• exist within a specific folder identified for review. This is the view of the transformation object within the Transformation Developer of PowerCenter's Mapping Designer application. To view the attributes of the transformation, a developer will open the object for edit purposes to reveal an “Edit Transformation” screen. This transformation type contains five tabs for configuring 27 different attributes. The tabs are: Transformation, Ports, Properties, Condition, and Metadata Extensions. The key tabs that most developers and quality assurance specialists will review are “Transformation”, “Properties”, and “Condition”. By default editing options, the Transformation tab is opened at time of edit. Three attributes on this screen include “Transformation Name” (depicted next to the “Select transformation” text box), “Transformation Type” and “Description” “Properties” and “Condition” tabs appear as shown in dialog boxes provided by existing systems, such as Informatica. The majority of the configurable attributes appear on the Properties tab. Each Lookup Procedure transformation type contains the same Tab layout and number of configurable attributes. Thus, in existing data integration platforms like Informatica, by application design of the PowerCenter Mapping Designer, there is no ability to open two transformation edit windows simultaneously, navigate to the appropriate tab, and align transformations for side-by-side comparisons or review code for standard corporate, project, or industry standard best practices. Each of the line items in the attribute images above represent another record in the code repository. Thus, it is an aspect of the invention to address this problem by developing a data view that aggregates and compresses all records onto a single line per transformation type, more thorough and efficient code evaluations are possible. For most large-scale implementations, there are, on average, over 40 Lookup Procedure transformations within a folder. To evaluate and document the attribute configurations for these transformations could consume 2-4 days of one full time resource. The information aggregated by the resource is likely to change over time and that analysis would need to be repeated, consuming additional resource time. To search for configured values of a particular type could take even longer. With the query in 1606, data can now be displayed in an integrated fashion as shown in FIG. 17B. It will be recognized that the display now presents all configured attributes without the necessity for the user to click through a variety of screens, tabs, and miscellaneous widgets. For example, the Lkp Sq1 Override parameters are displayed side-by-side whereas with prior art systems, such parameters would have to be retrieved separately for the respective mapping names. The transformation attribute configuration process according to the invention thus saves a tremendous amount of time and also reduces the propensity for errors in an otherwise manual process.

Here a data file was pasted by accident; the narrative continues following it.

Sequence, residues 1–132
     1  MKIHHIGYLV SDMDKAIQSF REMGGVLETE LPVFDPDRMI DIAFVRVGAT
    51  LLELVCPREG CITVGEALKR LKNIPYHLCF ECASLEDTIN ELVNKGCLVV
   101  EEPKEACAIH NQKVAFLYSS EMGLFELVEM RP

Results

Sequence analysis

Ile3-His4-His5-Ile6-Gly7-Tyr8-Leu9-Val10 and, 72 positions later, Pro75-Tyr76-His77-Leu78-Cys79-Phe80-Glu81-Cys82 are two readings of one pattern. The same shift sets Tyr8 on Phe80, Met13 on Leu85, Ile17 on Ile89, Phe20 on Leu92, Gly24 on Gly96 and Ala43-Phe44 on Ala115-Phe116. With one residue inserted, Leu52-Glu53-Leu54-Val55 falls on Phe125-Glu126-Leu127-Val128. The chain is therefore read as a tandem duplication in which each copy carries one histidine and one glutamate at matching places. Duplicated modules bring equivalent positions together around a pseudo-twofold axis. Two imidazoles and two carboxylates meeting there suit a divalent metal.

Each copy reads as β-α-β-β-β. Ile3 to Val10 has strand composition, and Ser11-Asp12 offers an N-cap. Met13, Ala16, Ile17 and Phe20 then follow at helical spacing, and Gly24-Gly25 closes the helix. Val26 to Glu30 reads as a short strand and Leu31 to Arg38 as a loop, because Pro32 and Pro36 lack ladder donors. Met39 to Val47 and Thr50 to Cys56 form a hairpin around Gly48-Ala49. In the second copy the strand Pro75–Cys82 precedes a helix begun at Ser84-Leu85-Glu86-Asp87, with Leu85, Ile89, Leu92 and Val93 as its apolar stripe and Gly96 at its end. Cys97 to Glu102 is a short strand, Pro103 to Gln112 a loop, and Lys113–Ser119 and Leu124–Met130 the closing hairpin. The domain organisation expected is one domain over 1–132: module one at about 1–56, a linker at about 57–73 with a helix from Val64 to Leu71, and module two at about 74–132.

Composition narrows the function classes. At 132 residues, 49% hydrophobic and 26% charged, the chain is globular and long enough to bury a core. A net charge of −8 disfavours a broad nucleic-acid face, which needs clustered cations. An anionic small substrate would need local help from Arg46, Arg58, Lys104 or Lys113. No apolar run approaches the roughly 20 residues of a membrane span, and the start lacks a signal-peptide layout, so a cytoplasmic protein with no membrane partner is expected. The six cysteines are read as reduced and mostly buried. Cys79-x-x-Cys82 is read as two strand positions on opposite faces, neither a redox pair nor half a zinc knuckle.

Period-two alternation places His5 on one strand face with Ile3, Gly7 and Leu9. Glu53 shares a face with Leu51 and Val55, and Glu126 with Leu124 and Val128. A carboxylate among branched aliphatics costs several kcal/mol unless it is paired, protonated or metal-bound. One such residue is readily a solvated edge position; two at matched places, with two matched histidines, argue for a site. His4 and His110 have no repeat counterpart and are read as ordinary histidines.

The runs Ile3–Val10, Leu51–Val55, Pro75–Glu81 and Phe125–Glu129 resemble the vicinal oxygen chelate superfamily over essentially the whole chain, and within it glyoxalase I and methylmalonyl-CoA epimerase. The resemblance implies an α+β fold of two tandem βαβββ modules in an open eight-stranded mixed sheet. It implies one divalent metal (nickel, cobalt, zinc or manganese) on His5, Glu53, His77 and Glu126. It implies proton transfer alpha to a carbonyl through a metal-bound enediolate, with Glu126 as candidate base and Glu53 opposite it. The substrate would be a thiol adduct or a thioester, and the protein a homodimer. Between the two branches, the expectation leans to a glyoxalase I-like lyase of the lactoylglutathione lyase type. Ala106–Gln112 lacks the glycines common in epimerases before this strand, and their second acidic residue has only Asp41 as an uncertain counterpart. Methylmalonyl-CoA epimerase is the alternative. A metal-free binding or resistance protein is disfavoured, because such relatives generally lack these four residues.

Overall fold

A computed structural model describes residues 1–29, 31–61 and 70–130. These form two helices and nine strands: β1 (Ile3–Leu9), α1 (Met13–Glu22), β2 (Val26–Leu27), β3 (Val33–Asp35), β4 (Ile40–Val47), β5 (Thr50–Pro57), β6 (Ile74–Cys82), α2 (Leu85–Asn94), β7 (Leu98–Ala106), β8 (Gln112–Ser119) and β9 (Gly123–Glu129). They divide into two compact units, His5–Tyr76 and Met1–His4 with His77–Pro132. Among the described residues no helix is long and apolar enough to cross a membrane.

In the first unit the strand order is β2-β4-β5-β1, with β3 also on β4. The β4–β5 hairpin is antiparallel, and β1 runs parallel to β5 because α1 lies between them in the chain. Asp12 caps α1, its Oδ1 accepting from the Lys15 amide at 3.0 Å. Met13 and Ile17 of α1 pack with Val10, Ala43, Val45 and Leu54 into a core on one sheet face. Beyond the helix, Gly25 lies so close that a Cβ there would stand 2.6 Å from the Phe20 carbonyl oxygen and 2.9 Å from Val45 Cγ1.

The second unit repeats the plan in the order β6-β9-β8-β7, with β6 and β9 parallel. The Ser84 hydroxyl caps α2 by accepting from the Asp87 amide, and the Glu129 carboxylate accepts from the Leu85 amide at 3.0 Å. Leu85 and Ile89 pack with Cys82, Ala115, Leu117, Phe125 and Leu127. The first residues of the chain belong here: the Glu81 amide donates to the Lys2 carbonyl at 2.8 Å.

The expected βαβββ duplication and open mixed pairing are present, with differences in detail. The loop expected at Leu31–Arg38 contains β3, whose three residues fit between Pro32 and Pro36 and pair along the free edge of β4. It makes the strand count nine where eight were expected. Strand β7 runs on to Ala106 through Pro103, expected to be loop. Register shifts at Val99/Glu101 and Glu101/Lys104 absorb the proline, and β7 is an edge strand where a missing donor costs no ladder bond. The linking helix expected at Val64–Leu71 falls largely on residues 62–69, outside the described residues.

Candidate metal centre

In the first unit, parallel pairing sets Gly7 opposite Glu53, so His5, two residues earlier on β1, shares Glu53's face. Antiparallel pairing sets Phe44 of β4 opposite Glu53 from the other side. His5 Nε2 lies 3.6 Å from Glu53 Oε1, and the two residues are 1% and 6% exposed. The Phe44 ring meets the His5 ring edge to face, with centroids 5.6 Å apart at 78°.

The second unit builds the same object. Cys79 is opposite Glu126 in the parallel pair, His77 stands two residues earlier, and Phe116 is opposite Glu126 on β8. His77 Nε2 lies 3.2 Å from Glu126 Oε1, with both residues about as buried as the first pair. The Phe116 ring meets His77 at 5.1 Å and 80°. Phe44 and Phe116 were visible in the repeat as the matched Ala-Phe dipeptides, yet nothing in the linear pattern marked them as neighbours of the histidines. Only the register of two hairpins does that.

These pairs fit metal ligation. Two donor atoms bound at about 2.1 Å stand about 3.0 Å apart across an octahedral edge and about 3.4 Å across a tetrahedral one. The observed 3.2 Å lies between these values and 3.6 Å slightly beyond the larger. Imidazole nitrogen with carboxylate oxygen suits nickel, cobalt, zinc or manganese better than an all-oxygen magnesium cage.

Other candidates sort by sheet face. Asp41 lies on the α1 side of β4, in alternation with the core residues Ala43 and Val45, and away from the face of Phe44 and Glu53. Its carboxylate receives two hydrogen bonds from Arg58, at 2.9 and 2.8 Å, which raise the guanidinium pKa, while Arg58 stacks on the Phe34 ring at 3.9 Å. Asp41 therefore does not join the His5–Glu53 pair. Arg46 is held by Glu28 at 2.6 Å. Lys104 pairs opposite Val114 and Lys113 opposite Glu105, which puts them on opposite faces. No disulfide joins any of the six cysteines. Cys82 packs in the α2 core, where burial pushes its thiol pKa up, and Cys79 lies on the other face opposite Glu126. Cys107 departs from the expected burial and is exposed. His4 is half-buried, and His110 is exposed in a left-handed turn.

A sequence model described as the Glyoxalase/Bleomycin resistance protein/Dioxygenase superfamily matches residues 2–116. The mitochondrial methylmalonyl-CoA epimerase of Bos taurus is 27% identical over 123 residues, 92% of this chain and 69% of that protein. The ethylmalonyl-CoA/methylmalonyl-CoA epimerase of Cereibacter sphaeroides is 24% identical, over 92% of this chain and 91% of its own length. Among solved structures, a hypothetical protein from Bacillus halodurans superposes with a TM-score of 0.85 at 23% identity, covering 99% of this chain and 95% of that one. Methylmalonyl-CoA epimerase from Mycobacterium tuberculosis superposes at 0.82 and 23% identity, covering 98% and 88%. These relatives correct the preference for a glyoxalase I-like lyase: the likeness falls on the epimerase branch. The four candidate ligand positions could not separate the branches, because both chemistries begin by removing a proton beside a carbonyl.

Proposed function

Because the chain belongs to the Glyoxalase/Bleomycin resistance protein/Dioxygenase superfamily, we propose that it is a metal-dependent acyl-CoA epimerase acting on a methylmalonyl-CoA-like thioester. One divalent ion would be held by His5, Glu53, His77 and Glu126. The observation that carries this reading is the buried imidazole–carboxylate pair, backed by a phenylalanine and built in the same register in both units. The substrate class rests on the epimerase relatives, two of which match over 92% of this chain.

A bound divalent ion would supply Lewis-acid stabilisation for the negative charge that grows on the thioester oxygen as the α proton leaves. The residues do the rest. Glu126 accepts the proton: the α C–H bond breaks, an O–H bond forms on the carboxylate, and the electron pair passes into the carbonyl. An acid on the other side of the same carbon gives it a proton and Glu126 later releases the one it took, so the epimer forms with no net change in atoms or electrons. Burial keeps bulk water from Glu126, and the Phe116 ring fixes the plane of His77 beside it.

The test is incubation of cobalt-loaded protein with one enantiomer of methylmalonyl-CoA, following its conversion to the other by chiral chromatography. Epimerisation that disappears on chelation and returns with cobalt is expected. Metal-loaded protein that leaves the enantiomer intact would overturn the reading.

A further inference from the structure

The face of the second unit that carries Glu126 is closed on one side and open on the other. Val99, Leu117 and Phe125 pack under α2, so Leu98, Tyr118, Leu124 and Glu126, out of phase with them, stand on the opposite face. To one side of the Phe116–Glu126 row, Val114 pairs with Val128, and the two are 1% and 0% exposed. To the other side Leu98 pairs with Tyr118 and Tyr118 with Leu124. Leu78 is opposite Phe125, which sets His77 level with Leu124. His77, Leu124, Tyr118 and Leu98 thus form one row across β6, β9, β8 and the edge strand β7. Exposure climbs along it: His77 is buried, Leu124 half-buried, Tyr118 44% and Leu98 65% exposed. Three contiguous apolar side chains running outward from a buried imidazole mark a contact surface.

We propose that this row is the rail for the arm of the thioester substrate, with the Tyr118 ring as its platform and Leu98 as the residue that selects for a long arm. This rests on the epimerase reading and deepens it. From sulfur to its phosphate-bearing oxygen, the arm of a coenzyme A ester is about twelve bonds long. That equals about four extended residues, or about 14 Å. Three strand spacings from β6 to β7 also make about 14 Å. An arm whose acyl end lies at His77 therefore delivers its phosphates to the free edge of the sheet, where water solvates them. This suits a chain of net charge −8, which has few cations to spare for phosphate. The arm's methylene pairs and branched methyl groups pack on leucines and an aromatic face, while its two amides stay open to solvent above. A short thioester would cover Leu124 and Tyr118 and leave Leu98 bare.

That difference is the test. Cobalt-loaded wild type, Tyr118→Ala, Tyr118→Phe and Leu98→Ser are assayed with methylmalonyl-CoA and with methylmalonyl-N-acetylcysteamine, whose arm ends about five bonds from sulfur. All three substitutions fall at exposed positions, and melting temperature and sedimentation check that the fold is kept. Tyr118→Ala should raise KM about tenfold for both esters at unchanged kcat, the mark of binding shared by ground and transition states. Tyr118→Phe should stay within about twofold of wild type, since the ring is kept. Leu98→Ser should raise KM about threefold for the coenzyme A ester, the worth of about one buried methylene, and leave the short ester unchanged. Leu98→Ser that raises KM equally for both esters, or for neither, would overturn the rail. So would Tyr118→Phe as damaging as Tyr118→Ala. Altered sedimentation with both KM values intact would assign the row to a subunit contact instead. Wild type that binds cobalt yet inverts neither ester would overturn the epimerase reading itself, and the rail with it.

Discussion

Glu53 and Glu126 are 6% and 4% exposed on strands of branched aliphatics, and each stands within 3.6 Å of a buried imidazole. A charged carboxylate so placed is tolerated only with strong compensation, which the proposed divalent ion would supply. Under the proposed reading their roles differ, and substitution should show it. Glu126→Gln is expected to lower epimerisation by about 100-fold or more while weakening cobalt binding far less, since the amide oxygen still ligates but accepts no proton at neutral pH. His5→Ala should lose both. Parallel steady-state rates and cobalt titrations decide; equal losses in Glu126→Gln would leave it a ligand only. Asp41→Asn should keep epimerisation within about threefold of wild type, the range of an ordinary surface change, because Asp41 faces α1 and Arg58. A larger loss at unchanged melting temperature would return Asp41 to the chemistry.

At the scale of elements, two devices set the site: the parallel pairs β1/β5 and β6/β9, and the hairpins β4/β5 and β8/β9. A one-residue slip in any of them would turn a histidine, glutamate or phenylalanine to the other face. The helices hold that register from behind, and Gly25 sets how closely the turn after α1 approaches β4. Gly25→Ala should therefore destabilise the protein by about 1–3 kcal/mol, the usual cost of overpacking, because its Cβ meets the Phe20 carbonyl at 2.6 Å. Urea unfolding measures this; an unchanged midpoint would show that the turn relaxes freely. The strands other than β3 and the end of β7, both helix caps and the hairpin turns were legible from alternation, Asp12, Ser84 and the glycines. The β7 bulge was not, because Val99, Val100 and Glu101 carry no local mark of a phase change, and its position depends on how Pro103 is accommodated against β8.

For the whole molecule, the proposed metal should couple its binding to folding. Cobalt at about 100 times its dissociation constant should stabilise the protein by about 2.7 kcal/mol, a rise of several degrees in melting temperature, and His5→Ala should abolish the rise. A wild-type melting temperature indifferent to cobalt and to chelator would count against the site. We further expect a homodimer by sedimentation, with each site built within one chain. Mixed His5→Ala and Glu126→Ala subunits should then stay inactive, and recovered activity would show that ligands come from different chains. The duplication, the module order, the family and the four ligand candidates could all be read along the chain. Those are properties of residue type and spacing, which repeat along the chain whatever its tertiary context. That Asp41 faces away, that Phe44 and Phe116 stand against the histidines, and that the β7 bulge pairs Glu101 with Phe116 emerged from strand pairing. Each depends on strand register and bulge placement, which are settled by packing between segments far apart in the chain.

• At step 1708, a dataset A is constructed through the use of a JDBC database connection and transmission of the query to the database server. The de-normalizing query from step 1706 is transmitted to the database platform via a JDBC connection string. This data structure and the data contained within are cached for purposes of additional manipulations further downstream in the process (optional by the user). All Lookup Procedure transformations within that folder, either reusable or non-reusable, will appear in the results set.